• Are the steps in the data analysis explained and justified? 

  • Are the results relevant to the aim? 

  • Are the results explained? 

  • Do tables and graphs support the explanation? 

Discussion and conclusions 

  • Are claims or conclusions supported by the results? 

  • Do the researchers discuss the extent of their success in testing the hypothesis or meeting their aim? 

  • Do the researchers discuss the limitations of their study? 

  • Does the discussion section contribute to scholarly debate on the topic? 

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Over to you:

Review a text  you have selected for your own literature review.

  • Does it pass the CRAAP test?
  • How would you evaluate the quality of the research?
Strategies to critique the literature

Some students feel concerned about critiquing literature. They confuse critique with criticism and think they don’t know enough to criticise published experts.  

However, critiquing the literature is more than criticism. It involves strategies such as: 

  • identifying important researchers or research papers 

  • comparing and contrasting the research 

  • identifying research with similar findings (or generalising

  • identifying strengths or limitations in the research 

  • showing how a research paper contributes to our knowledge 

  • identifying gaps in our knowledge of a topic. 

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Read these literature review extracts and identify the critique strategy the student has used.  Drag the number of the critique strategy next to the most appropriate extract.

This document has some useful language that may help you express these strategies in your own literature review. Download it and put it on the wall near your desk while you are writing.


Language for critiquing the literature: adjectives and verbs

When you are describing the strengths and limitations of a research paper, you must use appropriate adjectives and verbs. You should also consider their strength. 

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Imagine you want to select an adjective to complete this sentence: 

In this ________ study on dolphins, Smith (2022) attempted to... 

Categorise these adjectives according to their strength. 

Now, imagine you want to select a verb to complete this sentence: 

However, Smith’s study __________ the link between dolphin mortality and pollution (2022).   

Categorise these verbs according to their strength. 

Remember, you may make strong language choices, but you must:

  • be careful to match the strength of the language with the strength of the praise or criticism
  • always maintain a respectful tone.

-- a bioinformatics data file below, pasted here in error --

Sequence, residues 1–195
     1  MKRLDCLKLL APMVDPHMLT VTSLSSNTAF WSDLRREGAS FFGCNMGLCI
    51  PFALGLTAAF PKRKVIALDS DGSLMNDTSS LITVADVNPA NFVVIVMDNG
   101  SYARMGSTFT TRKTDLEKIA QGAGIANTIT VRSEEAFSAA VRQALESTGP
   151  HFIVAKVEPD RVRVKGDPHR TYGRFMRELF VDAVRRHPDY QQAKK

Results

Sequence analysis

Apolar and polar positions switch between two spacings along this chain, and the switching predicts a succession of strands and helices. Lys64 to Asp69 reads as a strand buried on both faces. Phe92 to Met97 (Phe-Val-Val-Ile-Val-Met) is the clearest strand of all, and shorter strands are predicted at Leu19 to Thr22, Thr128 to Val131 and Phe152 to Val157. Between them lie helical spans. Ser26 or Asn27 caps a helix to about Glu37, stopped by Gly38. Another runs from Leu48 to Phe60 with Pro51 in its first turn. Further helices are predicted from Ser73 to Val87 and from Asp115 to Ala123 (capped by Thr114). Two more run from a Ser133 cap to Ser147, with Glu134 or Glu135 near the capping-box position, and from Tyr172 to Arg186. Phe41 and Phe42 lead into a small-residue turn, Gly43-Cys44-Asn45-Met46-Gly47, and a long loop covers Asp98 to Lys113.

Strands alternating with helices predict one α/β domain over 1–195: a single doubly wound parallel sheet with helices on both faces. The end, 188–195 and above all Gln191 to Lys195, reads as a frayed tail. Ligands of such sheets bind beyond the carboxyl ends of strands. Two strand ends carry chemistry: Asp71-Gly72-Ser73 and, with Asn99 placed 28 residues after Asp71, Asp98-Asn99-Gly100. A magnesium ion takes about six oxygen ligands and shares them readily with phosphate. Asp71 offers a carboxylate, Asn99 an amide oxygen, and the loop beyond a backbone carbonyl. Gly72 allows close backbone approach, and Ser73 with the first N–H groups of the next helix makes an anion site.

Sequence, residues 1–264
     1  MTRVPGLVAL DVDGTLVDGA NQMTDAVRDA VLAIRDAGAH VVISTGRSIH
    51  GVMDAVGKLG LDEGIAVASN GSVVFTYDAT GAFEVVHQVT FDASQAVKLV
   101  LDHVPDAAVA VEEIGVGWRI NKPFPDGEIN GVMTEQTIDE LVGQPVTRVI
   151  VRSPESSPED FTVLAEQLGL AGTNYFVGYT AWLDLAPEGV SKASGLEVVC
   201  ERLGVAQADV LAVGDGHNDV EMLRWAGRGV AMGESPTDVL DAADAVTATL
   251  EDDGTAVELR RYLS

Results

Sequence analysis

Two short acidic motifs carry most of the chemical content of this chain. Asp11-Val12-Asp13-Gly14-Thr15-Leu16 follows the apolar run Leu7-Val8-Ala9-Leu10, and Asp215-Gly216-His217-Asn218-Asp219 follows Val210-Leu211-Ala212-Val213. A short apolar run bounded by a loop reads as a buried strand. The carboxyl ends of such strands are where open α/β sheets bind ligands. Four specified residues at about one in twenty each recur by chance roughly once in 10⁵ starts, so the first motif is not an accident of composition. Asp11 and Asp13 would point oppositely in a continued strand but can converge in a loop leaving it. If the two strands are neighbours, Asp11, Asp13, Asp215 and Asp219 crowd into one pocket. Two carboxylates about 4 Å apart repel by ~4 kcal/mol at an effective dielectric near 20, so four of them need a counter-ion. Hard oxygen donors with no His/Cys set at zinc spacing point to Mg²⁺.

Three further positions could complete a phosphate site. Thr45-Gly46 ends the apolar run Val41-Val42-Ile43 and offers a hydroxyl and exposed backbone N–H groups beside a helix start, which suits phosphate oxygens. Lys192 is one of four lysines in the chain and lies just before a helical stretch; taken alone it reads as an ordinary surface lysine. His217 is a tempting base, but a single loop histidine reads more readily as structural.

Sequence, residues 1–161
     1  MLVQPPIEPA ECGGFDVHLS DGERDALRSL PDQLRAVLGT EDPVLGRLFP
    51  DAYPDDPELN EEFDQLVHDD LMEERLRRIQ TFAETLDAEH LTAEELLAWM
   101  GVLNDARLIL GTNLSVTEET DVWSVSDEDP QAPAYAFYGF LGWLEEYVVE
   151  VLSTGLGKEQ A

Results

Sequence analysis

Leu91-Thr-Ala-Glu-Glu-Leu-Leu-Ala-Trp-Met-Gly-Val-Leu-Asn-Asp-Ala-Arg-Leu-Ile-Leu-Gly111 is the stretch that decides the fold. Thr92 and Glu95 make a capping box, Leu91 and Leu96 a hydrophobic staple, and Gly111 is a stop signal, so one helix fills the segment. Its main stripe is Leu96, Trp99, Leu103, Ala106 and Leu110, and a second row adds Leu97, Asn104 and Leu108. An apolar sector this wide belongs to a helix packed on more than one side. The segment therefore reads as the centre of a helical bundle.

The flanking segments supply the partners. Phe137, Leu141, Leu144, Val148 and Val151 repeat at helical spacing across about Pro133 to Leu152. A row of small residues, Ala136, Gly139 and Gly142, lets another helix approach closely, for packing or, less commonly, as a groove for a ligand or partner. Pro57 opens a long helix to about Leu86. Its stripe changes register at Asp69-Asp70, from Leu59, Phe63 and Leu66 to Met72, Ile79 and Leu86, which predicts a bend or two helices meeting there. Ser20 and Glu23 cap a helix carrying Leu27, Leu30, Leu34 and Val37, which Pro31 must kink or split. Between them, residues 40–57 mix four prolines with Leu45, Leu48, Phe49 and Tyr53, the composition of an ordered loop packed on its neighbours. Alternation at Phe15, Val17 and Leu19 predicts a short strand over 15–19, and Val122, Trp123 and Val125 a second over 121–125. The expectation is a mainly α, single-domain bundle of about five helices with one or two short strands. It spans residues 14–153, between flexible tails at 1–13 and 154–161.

Pay close attention to the language choices in published literature reviews in your discipline.

Verbs to report on research

When you cite the research in your literature review, you may use two citation types: 

Research prominent 

Humpback dolphins are generally shy and avoid boats (Johnson, 2018). 

Researcher prominent 

Johnson (2018) states that humpback dolphins are generally shy and avoid boats. 

  • In general, research prominent citations are most used. This is because our focus is on the research, not on who did the research.  
  • We use researcher prominent citations when we wish to mention the researcher. This may be because their work is particularly noteworthy, or it is important for your assignment.  Researcher prominent citations are more common in the Humanities and Social Sciences than in the STEM disciplines. 

If you use researcher prominent citations, you will use a reporting verb. These verbs describe: 


Example verbs 

Example verbs in use 


aim, intend, attempt 

Van Dam and Cook (2001a) aimed to establish a link between vessel noise and acoustic communication between humpback dolphins. 


discuss, investigate, study, focus on, explain, theorise 

Van Dam and Cook (2001a) investigated the link between vessel noise and acoustic communication between humpback dolphins. 


show, reveal, demonstrate, indicate, suggest, state 

Van Dam and Cook (2001a) have shown that vessel noise can have a negative impact on acoustic communication between humpback dolphins. 


argue, posit, believe emphasise, suggest, state 

Van Dam and Cook (2001a) argue that vessel noise should be reduced in humpback dolphin territory. 

You may notice that some of the example verbs (like state) perform more than one function. 

Your choice of reporting verbs can help you demonstrate your critique of the research.  Read these two sentences. Which one shows most confidence in the results of the research?